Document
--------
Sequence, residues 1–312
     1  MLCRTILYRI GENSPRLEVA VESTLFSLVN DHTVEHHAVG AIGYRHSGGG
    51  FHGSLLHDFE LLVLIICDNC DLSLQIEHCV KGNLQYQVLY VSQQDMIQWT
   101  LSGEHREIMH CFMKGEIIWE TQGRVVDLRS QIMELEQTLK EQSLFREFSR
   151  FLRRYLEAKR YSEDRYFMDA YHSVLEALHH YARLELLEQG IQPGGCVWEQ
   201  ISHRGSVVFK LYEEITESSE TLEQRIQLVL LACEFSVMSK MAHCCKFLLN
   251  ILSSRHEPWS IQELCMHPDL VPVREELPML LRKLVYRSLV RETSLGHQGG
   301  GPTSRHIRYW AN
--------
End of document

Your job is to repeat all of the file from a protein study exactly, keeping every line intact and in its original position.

Sequence, residues 1–312
     1  MLCRTILYRI GENSPRLEVA VESTLFSLVN DHTVEHHAVG AIGYRHSGGG
    51  FHGSLLHDFE LLVLIICDNC DLSLQIEHCV KGNLQYQVLY VSQQDMIQWT
   101  LSGEHREIMH CFMKGEIIWE TQGRVVDLRS QIMELEQTLK EQSLFREFSR
   151  FLRRYLEAKR YSEDRYFMDA YHSVLEALHH YARLELLEQG IQPGGCVWEQ
   201  ISHRGSVVFK LYEEITESSE TLEQRIQLVL LACEFSVMSK MAHCCKFLLN
   251  ILSSRHEPWS IQELCMHPDL VPVREELPML LRKLVYRSLV RETSLGHQGG
   301  GPTSRHIRYW AN